Question for Andy K Regarding Archiving HD... - AVS Forum
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post #1 of 8 Old 05-27-2001, 12:12 PM - Thread Starter
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In the readme for the tools, Andy states bandwidth at 28 Mb/s, or 3.5 MB/s. A HiPix file is about 2.4 MB/s, so you're talking a ratio of rougly 70%. Using this ratio, an hour of video would take 42 minutes to record or play back, or an hour and a third/half for a 2 hour movie.

I don't think Andy has added error recovery or correction, both of which would increase this ratio. As I understand it, the speed at which recording or playback takes place is bounded on the upper end by the natural framerate inherent in the hardware. In other words, you probably couldn't make it any faster. Also because of this, playback and recording are at the same rate.

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[This message has been edited by dschmelzer (edited 05-27-2001).]

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post #2 of 8 Old 05-27-2001, 01:10 PM
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Thanks for your reply dschmelzer...seems kind of a kludgy approach in comparison to say the Panny STB/PV-HD1000 solution, but seeing what Panny PV-HD1000 and Tu-DST50/51s are going for on eBay these days I would say Andy K's solution is looking better and better. I'm wondering if anyone who is currently using a Panny combo coupled with an AccessDTV card has yet recorded a full length HBO or Showtime film and then used Andy's program to transfer it to D8 tape and then back to their hard drive?



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post #3 of 8 Old 05-27-2001, 02:13 PM - Thread Starter
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From what I've read, the Panny combo tapes are expensive, so that's something to consider as well. We are looking at about $300 for a low-end used compatible camcorder that is usable in other contexts, $4 tape/movie, and a very small tape profile for DVtools. I think you'll agree that all of this is quite reasonable by any measure.

For those prices and features, give me kludge. http://www.avsforum.com/ubb/smile.gif

Another thing to consider well down the line is that perhaps they will release an SDK for HiPix, AccessDTV, or WinTV-HD, allowing for integration of Andy's tools to remove the kludge.

Still another thing to consider is that this app could be integrated into the Linux DVB card tools fairly quickly.

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[This message has been edited by dschmelzer (edited 05-27-2001).]

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post #4 of 8 Old 05-27-2001, 04:48 PM
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Quote:
Originally posted by dschmelzer:
From what I've read, the Panny combo tapes are expensive, so that's something to consider as well. We are looking at about $300 for a low-end used compatible camcorder that is usable in other contexts, $4 tape/movie, and a very small tape profile for DVtools. I think you'll agree that all of this is quite reasonable by any measure.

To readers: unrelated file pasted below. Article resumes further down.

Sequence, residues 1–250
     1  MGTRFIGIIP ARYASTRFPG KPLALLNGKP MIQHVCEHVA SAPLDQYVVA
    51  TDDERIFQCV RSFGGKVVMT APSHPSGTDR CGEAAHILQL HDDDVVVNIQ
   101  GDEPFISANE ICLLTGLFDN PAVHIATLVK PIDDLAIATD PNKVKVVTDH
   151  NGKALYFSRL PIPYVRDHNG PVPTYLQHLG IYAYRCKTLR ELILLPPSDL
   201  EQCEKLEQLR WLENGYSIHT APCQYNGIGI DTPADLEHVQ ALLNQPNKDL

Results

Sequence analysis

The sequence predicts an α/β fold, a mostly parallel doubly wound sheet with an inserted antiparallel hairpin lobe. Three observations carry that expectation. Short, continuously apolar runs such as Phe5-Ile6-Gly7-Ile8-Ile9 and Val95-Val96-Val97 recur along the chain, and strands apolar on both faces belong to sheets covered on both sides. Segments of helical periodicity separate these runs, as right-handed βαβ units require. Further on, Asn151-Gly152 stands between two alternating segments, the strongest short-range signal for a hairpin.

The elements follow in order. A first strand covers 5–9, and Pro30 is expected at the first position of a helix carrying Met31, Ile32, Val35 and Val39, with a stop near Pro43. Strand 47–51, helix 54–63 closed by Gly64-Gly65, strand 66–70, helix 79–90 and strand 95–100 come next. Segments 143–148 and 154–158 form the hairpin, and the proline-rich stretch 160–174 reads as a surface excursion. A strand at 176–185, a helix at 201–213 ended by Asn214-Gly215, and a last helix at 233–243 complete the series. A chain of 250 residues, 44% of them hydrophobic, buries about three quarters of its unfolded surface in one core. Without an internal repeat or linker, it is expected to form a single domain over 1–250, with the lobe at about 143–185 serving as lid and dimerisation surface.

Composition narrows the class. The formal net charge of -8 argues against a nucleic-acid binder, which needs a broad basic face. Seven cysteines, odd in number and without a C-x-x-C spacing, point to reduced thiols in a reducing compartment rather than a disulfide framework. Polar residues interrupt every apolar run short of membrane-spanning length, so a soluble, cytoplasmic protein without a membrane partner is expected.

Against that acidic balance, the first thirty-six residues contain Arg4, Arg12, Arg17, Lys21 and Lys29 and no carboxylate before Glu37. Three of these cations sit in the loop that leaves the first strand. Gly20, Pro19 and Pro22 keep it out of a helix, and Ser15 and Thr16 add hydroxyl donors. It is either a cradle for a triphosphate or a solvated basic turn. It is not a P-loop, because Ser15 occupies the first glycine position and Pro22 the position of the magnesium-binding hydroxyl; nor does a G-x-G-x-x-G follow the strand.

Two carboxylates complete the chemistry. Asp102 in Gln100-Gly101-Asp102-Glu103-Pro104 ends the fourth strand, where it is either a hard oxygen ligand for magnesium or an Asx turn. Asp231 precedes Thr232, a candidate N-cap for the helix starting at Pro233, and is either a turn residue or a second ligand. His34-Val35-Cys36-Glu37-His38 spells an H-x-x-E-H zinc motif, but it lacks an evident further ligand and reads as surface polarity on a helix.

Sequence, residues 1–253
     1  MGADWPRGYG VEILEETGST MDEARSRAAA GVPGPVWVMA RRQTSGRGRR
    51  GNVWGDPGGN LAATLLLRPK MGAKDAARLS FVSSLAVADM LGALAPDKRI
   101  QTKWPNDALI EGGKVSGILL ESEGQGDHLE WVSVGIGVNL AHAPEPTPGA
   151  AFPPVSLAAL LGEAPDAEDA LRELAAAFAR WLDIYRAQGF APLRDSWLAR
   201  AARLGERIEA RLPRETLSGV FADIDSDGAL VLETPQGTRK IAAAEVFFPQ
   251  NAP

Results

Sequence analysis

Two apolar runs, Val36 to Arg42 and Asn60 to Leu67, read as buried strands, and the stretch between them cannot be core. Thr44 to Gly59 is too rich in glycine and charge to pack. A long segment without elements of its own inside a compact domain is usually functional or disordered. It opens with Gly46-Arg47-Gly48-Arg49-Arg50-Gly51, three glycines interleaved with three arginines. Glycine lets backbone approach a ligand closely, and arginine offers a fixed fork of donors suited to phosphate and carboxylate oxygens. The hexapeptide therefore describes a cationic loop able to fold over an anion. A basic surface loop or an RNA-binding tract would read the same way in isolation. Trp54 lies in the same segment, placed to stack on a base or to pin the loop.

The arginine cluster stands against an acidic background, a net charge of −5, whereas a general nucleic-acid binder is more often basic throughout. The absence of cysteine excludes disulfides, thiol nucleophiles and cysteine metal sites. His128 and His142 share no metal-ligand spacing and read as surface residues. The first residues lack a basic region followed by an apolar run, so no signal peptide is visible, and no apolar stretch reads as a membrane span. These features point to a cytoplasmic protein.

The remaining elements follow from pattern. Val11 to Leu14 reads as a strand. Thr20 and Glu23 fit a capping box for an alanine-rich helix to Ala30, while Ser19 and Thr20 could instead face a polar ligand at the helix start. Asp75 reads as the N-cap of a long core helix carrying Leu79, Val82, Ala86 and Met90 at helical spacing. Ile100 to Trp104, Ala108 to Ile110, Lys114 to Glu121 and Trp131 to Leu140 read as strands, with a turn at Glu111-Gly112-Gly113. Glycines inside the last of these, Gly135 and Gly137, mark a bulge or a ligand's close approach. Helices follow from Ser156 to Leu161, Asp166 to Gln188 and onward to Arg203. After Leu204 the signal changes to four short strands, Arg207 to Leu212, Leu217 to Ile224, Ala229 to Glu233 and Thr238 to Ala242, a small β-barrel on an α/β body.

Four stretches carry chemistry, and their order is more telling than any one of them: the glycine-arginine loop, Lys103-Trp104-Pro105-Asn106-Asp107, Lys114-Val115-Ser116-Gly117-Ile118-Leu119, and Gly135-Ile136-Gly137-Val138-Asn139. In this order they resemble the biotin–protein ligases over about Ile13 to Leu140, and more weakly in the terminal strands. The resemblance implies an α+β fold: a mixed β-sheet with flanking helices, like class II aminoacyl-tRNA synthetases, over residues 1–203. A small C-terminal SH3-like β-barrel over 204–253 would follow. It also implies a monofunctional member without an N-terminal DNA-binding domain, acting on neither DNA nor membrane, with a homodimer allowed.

For those prices and features, give me kludge. http://www.avsforum.com/ubb/smile.gif

Dan,
We use standard S-VHS tapes on our Panny Combos so it's actually very cheap.

What has caught my interest in Dvtools is that this may be a way for me to archive stuff I have recorded with accessDTV.

I hate single points of failure and if my DST51 or HD1000 goes poof, I will be SOL.

You mentioned $300 camcorders. Since I have never owned a camcorder amd know zilch about them, can you recommend one that works with Dvtools?

Thanks,
Joe

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post #5 of 8 Old 05-27-2001, 05:01 PM - Thread Starter
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"We use standard S-VHS tapes on our Panny Combos so it's actually very cheap."

I stand corrected.

Re recommended camcorder, I'm not the best person to ask.

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post #6 of 8 Old 05-27-2001, 06:12 PM
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Recommended cheap camcorder? Sony TRV-120 or TRV-130. So far, all Sony camcorders have worked with Dvtools.

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post #7 of 8 Old 05-27-2001, 07:26 PM
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If you have the choice between the TRV120 or TRV130, I would go with the TRV120. It is harder to find, but it has an analog-in port and does realtime analog-to-digital passthru/conversion. This can take any analog video, convert it on-the-fly to DV and pump it to firewire (or write it to D8 tape).

I'm quite disappointed that Sony stripped out alot of the trv120 features in the trv130. To get some of the trv120 features, you now have to buy up to the trv230.

I just got my trv120 at a great price from ebyweb.com (talk to Steve). Not affiliated with them, just had a good buying experience. They are not like the many crooked grey-market NY cam shops. I called other reputatable cam shops like BH, Cameraworld, Adorama and they no longer stock the trv120. see also resellerratings.com before you buy from a cam shop.

If you are serious about videography, the trv120 will probably be too entry-level. but it is great for Andy's gig and DV editing. the trv900 makes me drool.
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post #8 of 8 Old 05-27-2001, 09:21 PM
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Andy K:
I've been following with great interest your development of the DVTools package for archiving digital video onto tape. Thanks for your efforts and for making the software freely available to the community.
I was wondering: how long would it take to archive a
typical 2 hour HD movie (~16 GBs) to a typical D8 tape? Conversely how long would it take to restore the 2 hour file to your hard drive?


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